We needed flashlights when we went tapping rubber in the early hours of the morning if we did not use the carbide lamps or kerosene lamps. Hence a flashlight was often considered a thing of comfort to us. We would not be afraid when we had this life saver.

Flashlights were useful when my uncle went fishing by the jetty. He would throw his net into the river and then flash the lights to catch the bright eyes of the fish or the prawns. He would often hum as he fished and we knew that he was having a good and rewarding time by himself, thinking and wondering about life. When he pulled up the net we would all come out of our quietness and shriek with delight at the catch if it was a big one. If only a few fish were caught we would be very quiet and then wait for him to make a comment.

When the tide was up and it was time for old time fishing we would all bring our little torchlights and trail behind our uncle for a great evening out. Nothing can be better than that and times like these are past. Can any one get a good jala-ful of prawns and fish in the Rejang today?

For us when we were older and living in town, we would use flashlights to read under our blanket as our mother would want us to sleep early and not waste electricity. We had a lot of fun under the bed also and pretended that we were hiding from bandits.

Later flashlights we learned that we could use them to send signals to save lives. Doctors used them to check our throats. But most important of all when we went camping flashlights were important for our various activities. So as Girl Guides and Boys Scouts most of us made full use of our own flashlights. It was always delightful when a Girl Guide brought along her father's huge torch light and we would bask under the special huge light in the outdoors. We felt comforted and secure whether it was in outside the tent or inside the tent. How wonderful it was to have light!

Today with such frequent blackouts it is good to have a few flashlights handy. Candles are of course our mainstay at times like these. But a flashlight in the car and in house is a must, even today.

What are your memories of using flashlights?

VEC158BD - Black & Decker V-3 million Power Series Flashlight

answer: First, the one minute person and the two minute person must cross the bridge, for a total of two minutes. Then the one minute person should come back with flashlight - total of three minutes. The five minute person and the ten minute person cross together next, making the total thirteen minutes. Now the two minute person goes back and (total now fifteen minutes) and gets the one minute person and they cross together bringing the total to seventeen minutes.

Wednesday, October 15, 2008

Tian Jin Preserved Vegetables or Dong Chai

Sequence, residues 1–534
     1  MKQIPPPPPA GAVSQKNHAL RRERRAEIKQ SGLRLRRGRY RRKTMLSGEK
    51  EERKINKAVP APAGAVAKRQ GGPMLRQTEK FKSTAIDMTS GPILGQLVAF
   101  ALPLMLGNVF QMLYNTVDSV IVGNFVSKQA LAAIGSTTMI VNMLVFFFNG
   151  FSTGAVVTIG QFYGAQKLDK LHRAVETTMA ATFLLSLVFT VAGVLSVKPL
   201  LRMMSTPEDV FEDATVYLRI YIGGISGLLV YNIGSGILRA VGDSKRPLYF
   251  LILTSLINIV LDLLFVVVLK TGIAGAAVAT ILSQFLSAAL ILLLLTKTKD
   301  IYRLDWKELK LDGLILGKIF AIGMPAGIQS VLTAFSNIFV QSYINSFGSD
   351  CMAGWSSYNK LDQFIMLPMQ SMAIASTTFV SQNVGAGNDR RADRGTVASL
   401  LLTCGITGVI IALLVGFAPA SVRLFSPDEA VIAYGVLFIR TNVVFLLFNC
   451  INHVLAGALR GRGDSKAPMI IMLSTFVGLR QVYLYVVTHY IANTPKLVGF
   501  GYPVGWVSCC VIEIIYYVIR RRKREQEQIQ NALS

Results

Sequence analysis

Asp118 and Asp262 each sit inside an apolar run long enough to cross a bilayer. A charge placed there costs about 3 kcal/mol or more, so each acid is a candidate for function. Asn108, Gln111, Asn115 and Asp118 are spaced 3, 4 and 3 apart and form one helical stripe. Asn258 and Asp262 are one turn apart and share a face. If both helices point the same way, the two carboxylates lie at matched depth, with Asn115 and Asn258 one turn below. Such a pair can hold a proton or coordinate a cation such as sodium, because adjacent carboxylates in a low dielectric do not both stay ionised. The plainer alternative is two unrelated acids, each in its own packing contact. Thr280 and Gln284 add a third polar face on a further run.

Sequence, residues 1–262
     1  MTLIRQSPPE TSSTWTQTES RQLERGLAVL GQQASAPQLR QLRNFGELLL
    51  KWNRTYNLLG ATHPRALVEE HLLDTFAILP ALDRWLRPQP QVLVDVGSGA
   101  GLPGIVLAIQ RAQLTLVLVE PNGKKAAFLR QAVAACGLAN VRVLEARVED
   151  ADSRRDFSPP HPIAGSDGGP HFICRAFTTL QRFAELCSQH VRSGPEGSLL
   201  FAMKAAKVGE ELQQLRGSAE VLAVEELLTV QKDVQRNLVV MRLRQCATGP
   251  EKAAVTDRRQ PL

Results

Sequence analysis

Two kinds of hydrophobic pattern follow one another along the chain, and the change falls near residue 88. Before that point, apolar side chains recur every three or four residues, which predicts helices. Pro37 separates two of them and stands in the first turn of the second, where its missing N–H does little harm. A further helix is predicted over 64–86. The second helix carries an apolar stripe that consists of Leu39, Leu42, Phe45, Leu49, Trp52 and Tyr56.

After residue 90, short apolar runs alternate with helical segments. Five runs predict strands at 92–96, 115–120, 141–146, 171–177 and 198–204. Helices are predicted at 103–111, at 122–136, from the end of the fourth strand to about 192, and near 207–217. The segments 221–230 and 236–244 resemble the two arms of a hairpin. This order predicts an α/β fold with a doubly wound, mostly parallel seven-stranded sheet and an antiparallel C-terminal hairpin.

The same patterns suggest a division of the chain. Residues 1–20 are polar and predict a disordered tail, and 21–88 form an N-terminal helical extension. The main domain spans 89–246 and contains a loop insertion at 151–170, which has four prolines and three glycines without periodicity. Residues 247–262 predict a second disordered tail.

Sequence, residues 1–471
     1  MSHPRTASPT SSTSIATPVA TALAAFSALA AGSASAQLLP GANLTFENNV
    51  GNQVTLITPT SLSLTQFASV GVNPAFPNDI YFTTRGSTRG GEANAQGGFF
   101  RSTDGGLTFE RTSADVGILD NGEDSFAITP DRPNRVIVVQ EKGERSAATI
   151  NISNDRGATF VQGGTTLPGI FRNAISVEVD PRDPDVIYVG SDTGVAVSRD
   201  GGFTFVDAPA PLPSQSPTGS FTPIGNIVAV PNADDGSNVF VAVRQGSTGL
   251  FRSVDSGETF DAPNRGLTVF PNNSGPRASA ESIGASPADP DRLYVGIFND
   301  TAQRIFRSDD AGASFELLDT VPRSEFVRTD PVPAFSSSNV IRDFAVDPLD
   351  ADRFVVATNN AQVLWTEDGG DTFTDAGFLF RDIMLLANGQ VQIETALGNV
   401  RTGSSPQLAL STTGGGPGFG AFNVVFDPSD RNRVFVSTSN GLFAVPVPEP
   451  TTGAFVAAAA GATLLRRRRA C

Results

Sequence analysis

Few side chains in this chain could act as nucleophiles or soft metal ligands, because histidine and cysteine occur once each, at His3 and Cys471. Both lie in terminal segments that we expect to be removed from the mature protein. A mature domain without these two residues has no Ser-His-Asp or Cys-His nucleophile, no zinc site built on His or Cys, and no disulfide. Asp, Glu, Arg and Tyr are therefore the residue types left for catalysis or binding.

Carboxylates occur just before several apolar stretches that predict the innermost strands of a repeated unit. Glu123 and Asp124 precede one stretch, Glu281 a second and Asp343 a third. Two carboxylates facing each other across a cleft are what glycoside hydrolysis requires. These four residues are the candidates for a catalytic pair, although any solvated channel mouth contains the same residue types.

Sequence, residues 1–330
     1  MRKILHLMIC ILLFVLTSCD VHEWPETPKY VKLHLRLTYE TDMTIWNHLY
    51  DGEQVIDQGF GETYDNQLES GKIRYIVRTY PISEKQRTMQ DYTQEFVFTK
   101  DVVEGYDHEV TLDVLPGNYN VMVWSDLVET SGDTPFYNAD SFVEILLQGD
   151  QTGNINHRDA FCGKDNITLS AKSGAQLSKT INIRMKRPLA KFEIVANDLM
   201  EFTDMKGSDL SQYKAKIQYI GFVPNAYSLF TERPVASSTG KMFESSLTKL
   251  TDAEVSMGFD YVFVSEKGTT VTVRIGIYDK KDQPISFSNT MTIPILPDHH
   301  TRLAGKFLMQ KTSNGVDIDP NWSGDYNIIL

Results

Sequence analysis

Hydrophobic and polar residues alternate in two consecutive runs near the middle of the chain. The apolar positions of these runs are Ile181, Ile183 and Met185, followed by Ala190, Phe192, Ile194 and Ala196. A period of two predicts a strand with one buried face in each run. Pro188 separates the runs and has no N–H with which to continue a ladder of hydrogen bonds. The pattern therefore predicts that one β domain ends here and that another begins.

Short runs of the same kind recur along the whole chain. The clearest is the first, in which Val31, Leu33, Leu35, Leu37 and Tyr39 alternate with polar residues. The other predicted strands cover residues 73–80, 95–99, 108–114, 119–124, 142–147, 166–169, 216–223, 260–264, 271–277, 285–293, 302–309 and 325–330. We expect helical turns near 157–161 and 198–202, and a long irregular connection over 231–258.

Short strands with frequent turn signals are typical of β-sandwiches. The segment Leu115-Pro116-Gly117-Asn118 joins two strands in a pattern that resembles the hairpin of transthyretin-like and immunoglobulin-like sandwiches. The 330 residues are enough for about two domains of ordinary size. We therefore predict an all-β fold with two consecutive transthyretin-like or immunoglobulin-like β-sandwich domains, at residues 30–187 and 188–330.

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This little ceramic jar of preserved vegetables from China has been a staple of my family for four generations now.

In China vegetables are grown in spring summer and autumn. The farmers would preserve most of the vegetables for winter when nothing can be grown. Radishes and cabbages are good for preserving. This tien tsin vegetables are in fact preserved cabbages.

My grandmother used to cook this very often when fresh vegetables were not available and especially to help those without an appetite to have a fairly decent meal. (She would say" this is good to help your rice go down".) And then my mother would cook soup with this vegetable as often as possible to save on housekeeping money so that we could get a good education. As children we would never complain for the lack of food on the table. A bowl of white rice was decent enough. Better days would come in the future.

In some ways I associate this vegetable and a lot of other Chinese preserved vegetables with home economy and a frugal campaign to save money for the proverbial rainy day.

When I was living in Kuala Lumpur I often cooked an egg soup using this vegetable for an evening meal when I was rooming with a good friend. She too agreed that we should spend not more than two ringgit per meal . Sometimes we would share a plate of kway tiau and have two fried eggs and the free Jasmine Tea. That would be less than RM 3 between the two of us. As we were university students living on a small scholarship we had to stretch our proverbial dollar a little more.

When my children were younger and they felt homesick for Sibu and thinking of grandmother I would make a soup with this vegetable and eggs for them. In fact they could eat this soup every day. Today my now adult children continue to love this soup and other dishes cooked with it like omelette with Tian Jin vegetables, dumplings with meat and TT vegetables , and fried eggs with TT vegetables to go with porridge. And when we have no eggs we will just cook this saltish vegetable soup and one meal is complete and satisfying. Nothing much but we do have a hot meal and lots of stories to tell.